Using the political turmoil in Ukraine and perceptions of Western weakness to his advantage, Putin hatched a plan designed to keep hold of Russia’s strategic interests in the Crimea by sending in his soldiers, capturing or surrounding airfields and other important military infrastructure, without a shot being fired. Under the cover of military manoeuvres along the Ukrainian-Russian border, 25,000 soldiers wearing no insignia were given strict orders not to provoke a clash with Ukrainian forces, but to move into the Ukrainian autonomous province of Crimea in what can only be interpreted as ‘occupation by stealth’. However, in doing so, President Putin broke a tenet of law that bound together the post-Soviet periphery around Russia (that Russia would respect the territorial sovereignties of post-Soviet states). This now is void. Perhaps now the 1997 agreement between Moscow and Kiev that allowed Russia to use Crimea till 2042 as the base for its Black Sea Fleet – the only ice-free naval port Russia has, and one that allows Russia to exert power into the Eastern Mediterranean and beyond, is void too. So was it therefore necessary to take the area by force? Well, that would certainly depend on one’s perspective. The ousting of pro-Russian Ukrainian President Viktor Yanukovych was considered by some interests in Moscow a ‘game changer’. Bereft of a natural ally in Kiev, Putin and his inner circle may very well have thought that ownership of Crimea is nine-tenths of the law. No one could make a play to push Russia’s naval presence out of Crimea if Russian troops were there in numbers. Indeed. But the risks associated with this move may have some unforeseen consequences. One of the most pressing issues confronting Russia is the prospect of economic harm. Since Friday February 28 to the time of writing, March 4, foreign investors, no longer convinced that Russia is a ‘good bet’, are selling Russian assets. The value of the rouble, as well as Russian stocks and bonds, have tanked. Russia’s MICEX stock index fell by $60 billion. According to the ING Bank, Russia spent 2 percent of its gold and foreign exchange reserves to prevent the rouble from free fall. But Russia is not the Soviet Union and trade is a two-way street. Russia still controls the flow of significant oil and gas supplies to Western Europe. Russia is a premier nuclear weapons state. And Russia is an exporter of key commodities to the international market. So the question then becomes, how much Western economic pressure can be applied to a state that is essential to a large segment of the international community? Can today’s Russia be economically isolated and treated like North Korea or Iran? Possibly not. Furthermore, there is the potential to amplify Russian nationalism. For the US and Western Europe to throw Russia into the economic deep-end would in all likelihood create a ‘laager’ mentality where Russian memories of international isolation during Soviet times catalyse into a more virulent form of nationalism to that practiced by Putin. Then there is the very real dilemma of hurting the former Soviet states dependent on a relatively healthy Russian economy. If the West punishes Russia too severely over its push into Crimea, Central Asian countries, not in anyone’s firing line, might be crippled and destabilised. This obviously would have very real implications on the spread of jihadist sentiment throughout this fragile region. There is a lot at stake and none of it easy to deal with.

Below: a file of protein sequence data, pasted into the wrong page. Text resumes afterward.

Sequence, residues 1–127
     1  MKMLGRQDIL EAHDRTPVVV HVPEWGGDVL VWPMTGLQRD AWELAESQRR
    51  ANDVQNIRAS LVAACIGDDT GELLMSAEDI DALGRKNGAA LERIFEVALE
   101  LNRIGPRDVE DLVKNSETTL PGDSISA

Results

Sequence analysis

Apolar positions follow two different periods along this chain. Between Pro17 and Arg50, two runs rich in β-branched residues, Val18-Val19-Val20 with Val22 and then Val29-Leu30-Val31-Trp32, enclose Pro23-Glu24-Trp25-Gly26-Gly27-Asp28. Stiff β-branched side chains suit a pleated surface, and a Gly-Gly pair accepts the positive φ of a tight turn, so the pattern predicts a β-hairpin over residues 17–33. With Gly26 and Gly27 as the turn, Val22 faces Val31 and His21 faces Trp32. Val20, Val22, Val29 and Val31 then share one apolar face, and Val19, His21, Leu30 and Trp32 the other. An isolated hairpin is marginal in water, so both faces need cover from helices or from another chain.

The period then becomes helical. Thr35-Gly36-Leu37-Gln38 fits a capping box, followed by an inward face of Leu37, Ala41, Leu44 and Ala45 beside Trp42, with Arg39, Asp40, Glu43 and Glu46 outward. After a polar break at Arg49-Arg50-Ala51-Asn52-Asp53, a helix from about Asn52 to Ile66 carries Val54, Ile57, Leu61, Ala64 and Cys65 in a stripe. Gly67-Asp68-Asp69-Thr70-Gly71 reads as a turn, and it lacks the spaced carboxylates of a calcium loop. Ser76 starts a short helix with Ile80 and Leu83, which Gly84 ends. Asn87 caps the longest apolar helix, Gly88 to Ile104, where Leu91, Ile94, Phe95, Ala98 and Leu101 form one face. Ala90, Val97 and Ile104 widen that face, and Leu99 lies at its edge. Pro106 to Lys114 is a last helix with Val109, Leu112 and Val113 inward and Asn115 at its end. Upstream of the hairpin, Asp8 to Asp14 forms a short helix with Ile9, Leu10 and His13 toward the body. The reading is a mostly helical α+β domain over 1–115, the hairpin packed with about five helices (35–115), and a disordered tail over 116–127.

Returning to the domestic situation in Russia, should the oligarchs currently favouring Putin’s hardline against Ukraine be asked to sacrifice too much of their profitability for ‘Mother Russia’, what may come back to haunt the Russian president is then their reliability as partners in modern Russia’s experiment with ‘authoritarian-capitalism’. Having suffered their first negative run on the markets and money being king in today’s neo-Liberal international order, it may be that the oligarchs’ tolerance for playing the nationalist card with Putin over Crimea could quickly fade, and may lead Kremlin power-brokers to replace the Putin-Medvedev political duopoly that has ruled Russia since 2000. But then again, Russian political culture favours a strong leader and Putin is extremely clever in playing to the sum of all Russian fears of Western post-Cold War triumphalism. If Crimea is kept in Russia’s orbit without enduring too much more economic punishment, perhaps Putin and his supporters will be vindicated. Crimea from a strategic perspective may very well be worth the price of a temporary lull in economic activity. If on the other hand Ukraine provokes a Russian use of force which escalates into something less controllable, the only real option President Putin will have is to use massive, decisive conventional force to deal Ukraine and by extension, the West, a sharp, irreversible shock. Cooler heads may prevail, but looking at how Russia has emerged as a real challenger to American international power without being as strong as the US or as rich as the US, Washington might have to act to halt the perception of its own decline. Putin has been given much room to manoeuvre. Providing sanctuary to former NSA contractor and whistleblower Edward Snowden has not been forgiven. Russia’s involvement as protector of the Syrian regime and as a silent partner and protector of Iran has not been forgiven. A potential USD2 billion arms deal to Egypt in February, even though welcomed by the Egyptians, (old American geostrategic turf), has not been forgiven. Washington will be working on a check on Putin’s ambitions and Russia’s re-emergence as a significant power. Cashed-up, angry and vengeful the US may well use the Crimean crisis as Putin’s tipping point. But against a skilled player like Putin, President Obama will need a nimble and highly targeted strategy. Wielding a hammer to kill a fly will net no gain and may well work against the Americans as others become collateral damage to American blind fury.